Little Fluffy Clouds

Riding southern English counties this week, I always think England looks its best around this time. The vegetation is lush – there’s been enough rain and enough warmth, and it’s rained recently enough that everywhere is still relatively clean. (Lots of the uglier sides of humanity, not least littering, are also being hidden by all the growth. It’s only a fig leaf, but it’s better than nothing.) And on good days, with a little warmth combined with blue skies, just a few clouds, The Orb’s ‘Little Fluffy Clouds’ for a mental soundtrack and the ability to get outside – on foot or on a bike – to appreciate it, and you could think ‘what more could anyone ask for’.

OK, the little fluffy clouds Rickie Lee Jones was talking about in the song were in Arizona. OK, a fair distribution of wealth, an end to racism and bigotry and prejudice of any kind, an overwhelming rejection of greed as a worthwhile value, an end to patriotism and religion, the rise of rationality and empiricism, the outbreak of peace through negotiation worldwide and global cooperation in the face of climate change could all be asked for, quite legitimately, but you know what I mean …

Little Fluffy Coulds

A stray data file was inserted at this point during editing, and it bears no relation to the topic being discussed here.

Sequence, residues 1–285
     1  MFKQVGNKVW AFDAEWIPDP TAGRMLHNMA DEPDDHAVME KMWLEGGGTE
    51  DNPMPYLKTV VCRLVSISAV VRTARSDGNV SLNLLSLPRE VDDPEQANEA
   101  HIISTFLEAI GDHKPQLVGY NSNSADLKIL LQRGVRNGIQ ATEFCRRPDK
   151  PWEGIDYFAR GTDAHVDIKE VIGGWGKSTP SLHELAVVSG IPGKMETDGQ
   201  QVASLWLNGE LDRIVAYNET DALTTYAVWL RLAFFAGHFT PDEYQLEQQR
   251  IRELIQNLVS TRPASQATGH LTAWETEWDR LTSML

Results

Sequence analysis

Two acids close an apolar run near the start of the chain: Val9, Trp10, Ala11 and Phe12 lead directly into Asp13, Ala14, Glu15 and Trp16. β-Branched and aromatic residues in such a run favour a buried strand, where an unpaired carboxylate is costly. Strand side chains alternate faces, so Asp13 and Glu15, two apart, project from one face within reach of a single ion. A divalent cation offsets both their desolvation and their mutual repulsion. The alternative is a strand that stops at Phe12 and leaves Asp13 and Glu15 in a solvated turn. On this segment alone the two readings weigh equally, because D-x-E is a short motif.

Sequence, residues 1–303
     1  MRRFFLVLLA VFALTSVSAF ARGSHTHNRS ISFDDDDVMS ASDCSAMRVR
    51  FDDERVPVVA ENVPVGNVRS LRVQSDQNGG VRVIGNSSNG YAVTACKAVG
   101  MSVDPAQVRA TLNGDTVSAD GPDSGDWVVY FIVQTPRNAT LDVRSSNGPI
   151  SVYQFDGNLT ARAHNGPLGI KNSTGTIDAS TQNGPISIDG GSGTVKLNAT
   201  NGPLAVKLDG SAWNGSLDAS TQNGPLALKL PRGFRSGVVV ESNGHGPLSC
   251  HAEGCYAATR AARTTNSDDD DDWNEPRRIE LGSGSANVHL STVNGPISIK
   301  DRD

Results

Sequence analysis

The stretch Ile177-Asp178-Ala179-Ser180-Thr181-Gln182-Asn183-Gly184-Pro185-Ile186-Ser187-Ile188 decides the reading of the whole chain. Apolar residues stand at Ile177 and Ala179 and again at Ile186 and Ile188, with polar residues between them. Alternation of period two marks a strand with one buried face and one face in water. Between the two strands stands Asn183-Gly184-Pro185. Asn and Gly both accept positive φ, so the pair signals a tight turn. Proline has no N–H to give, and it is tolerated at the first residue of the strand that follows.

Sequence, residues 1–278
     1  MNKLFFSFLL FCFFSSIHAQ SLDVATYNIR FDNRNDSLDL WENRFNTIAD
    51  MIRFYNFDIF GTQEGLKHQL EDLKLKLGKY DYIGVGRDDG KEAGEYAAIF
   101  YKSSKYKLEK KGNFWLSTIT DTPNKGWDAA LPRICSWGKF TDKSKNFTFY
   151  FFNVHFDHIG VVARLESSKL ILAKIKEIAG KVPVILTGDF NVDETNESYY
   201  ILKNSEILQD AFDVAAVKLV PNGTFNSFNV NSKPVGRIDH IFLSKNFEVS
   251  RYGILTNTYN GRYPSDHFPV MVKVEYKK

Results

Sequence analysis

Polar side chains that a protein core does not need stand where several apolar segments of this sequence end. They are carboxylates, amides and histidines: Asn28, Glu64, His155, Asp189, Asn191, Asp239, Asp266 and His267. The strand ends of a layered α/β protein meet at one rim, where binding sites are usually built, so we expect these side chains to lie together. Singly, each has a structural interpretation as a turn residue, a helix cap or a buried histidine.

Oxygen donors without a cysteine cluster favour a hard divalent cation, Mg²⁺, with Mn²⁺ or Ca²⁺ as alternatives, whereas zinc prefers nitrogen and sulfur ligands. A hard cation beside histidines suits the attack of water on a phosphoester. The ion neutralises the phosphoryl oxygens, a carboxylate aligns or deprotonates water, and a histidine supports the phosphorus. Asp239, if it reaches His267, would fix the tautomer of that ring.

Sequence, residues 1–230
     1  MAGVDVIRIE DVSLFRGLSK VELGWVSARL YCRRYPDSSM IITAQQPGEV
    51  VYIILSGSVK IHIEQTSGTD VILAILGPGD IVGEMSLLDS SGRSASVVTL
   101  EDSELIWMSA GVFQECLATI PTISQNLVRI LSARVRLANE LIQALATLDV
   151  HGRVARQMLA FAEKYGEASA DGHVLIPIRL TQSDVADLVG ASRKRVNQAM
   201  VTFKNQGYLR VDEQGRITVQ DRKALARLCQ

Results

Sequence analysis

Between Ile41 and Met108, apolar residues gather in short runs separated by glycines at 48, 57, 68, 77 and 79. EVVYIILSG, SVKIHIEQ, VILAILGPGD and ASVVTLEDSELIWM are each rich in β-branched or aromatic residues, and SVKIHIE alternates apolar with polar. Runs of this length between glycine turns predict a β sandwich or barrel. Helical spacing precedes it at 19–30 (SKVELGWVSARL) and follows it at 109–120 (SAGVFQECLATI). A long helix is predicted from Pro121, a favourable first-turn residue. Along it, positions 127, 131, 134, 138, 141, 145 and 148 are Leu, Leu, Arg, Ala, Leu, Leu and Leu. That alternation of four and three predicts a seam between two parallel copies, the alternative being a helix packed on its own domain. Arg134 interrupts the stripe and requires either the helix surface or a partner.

Little Fluffy Coulds

Native Triumph

Rapeseed plants may be native but rapeseed as a cash crop is a relatively new development – and hence so too is the overpowering and fairly unpleasant smell the fields of it are generating at the moment.

So, it’s been pleasing to find the scent of native (as opposed to Spanish) bluebells dominating a few times this week – out cycling near Waltham St Lawrence for example or, as in photo below, during a walk on the Mapledurham estate. Whatever else the recent wet winter and, so far, warm spring has given us, it’s certainly created ideal conditions for bluebells – I’ve rarely seen so many.

Bluebells in woods

A Blue Jungle

Feeding Kites And Growing Sheep

Hurrah! A happy conjunction of available time, good enough health (joints) and decent weather means 100 miles ridden – and enjoyed – this week. That’s a welcome change.

Getting out at this time of year is slightly different because a lot of the hedges and stands of shielding trees aren’t in leaf yet, so you do get to see (pry) into properties you’d never otherwise catch a glimpse of. Seeing the homes of the rich with another parliamentary expenses scandal dominating the news, and yet another bank’s massive losses making headlines, and the immediate thoughts are inevitable. The issue is what to say or do that’s not mere moaning. For now all I’ll say is that I’m working on it; merely moaning is tedious.